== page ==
We use a five step framework that is aligned to the CSA and Mental Health Commission Psychological Health and Safety Standard. We use a PDCA model that offers organizations a clearly defined process that we can support at any stage.
Stage 1: Defining the problem
To begin the process, the employer typically has an idea of a desired outcome from some defined organizational challenge or sees an opportunity for improvement or has a problem. The total health strategy begins with defining the problem and then exploring the possible desired outcomes, as well what success would look like.
Stage 2: Investigation
The purpose of this step is determine what data can be collected (qualitative or quantitative), how the data will be collected such as survey, interviews, focus groups, reviewing HRIS and disability data, and etc. Regardless of the selected method, the objective of the diagnosis is to discover the root causes that are positively and negatively influencing the people factor of workforce productivity. Understanding these elements will help an organization identify what levers can be pulled, and what factors are within the control of the employee or employer.
Stage 3: Strategy development
This stage can be directly linked to stage 2 (Investigation) or completed as a standalone process. The ultimate purpose of this stage is to determine clear what will be done and how it will be done to achieve the desired outcomes. In this process it imperative to be clear on the objectives and what the employer is willing to commit (e.g., resources, budget, etc.) in order to achieve a result and to establish a timeline and success criteria (e.g., KPIs to be improved).
Stage 4: Implementation
The next step is to create and start the implementation plan, which outlines the initiatives, solutions or programs and the rollout approach. In essence, the implementation plan outlines when and what will be done, as well as who is responsible. The implementation plan may include introducing programs or solutions that are built to the organization’s needs, are new, or are being piloted to be fully tested, developed and ready to scale.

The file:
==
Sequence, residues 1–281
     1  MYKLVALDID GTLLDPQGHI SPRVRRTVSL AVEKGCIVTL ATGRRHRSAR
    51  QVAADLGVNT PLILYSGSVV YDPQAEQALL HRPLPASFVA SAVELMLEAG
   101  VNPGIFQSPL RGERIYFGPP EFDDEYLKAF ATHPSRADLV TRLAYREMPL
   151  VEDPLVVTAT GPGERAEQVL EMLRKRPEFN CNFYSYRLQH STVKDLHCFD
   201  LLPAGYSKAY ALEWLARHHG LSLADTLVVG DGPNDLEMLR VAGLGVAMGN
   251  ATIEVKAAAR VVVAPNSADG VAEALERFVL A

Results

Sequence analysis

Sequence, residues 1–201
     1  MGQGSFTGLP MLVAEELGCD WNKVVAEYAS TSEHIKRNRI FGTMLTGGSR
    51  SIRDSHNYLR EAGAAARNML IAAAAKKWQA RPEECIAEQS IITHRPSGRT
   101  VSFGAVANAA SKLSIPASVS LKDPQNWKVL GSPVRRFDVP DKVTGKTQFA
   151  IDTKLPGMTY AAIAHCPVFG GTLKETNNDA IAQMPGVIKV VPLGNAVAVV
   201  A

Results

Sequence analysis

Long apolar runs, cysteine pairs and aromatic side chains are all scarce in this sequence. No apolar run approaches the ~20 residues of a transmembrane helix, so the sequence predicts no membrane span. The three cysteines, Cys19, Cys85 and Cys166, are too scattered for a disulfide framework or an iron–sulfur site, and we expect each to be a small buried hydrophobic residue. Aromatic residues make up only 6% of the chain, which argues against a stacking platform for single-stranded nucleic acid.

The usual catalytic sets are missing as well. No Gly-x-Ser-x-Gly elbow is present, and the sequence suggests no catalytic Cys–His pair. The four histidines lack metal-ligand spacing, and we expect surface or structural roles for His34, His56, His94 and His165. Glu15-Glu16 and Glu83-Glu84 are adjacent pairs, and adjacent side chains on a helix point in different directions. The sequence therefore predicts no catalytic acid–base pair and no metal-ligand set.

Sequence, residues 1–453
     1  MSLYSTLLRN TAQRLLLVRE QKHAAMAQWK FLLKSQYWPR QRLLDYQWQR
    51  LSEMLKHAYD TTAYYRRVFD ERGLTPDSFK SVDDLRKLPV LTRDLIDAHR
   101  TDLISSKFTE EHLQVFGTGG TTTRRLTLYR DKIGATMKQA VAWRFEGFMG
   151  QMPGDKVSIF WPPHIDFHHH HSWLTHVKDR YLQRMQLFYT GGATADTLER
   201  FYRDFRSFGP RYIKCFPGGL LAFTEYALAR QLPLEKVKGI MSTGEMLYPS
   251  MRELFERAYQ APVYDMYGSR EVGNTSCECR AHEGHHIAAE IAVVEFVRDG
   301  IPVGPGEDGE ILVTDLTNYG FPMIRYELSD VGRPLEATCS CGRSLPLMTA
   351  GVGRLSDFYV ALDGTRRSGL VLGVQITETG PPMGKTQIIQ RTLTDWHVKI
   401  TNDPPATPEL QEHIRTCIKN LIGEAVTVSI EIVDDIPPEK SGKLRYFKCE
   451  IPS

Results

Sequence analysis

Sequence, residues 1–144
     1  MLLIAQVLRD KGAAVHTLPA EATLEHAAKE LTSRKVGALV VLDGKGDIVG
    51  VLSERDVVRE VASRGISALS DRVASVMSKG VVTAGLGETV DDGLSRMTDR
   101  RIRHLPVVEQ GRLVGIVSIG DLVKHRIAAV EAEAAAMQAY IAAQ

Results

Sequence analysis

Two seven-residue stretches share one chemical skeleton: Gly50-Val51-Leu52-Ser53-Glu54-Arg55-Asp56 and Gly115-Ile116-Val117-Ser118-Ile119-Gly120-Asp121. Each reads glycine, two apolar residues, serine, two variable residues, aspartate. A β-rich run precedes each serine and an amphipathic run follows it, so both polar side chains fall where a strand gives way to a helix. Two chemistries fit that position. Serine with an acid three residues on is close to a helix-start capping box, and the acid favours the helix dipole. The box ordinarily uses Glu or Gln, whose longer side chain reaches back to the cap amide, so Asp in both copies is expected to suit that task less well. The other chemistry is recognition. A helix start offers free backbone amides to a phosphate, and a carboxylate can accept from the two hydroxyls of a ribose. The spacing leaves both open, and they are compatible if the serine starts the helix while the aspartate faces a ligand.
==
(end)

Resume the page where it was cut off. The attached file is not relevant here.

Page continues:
In some cases, we may have the solution or program an organization needs to support the change in behaviours they seek. However, an organization does not need to use our programs, as it is important to find the right option and approach (e.g., internal resources or another vendor) that not only align best to the needs and culture of the organization, but is most likely to achieve its objectives.
Regardless of which programs are being used, our SMEs can be retained to support the organization in ensuring every dollar spent on human capital workforce productivity is being maximized and measured. It is critical that each objective set has a metric and that the implementation of solutions is measured and evaluated.
Stage 5: Evaluation
Once the strategic plan has defined its resources, metrics and targeted results, the next recommended step is for the client to determine the methodology that will be used to measure return on investment (ROI).
This is why we use both Jack Phillips’ ROI methodology and our proprietary VOI model called total health value (THV) scorecard
which has been designed to provide the COO, CFO, CHRO and CEO the facts with respect to whether the money being spent to shape the human capital workforce productivity has worked or not.
Typically, the P&L is a good benchmark to link human capital initiatives with respect to whether they are improving financial results that are observable, definable and measurable. When this is done properly, senior decision makers are more open and willing to invest if there is evidence of a return on their investment.
For an example of the application of the Total Health Framework please review the attached PDF:
Total Health: The Last Piece of the Workforce Productivity Puzzle.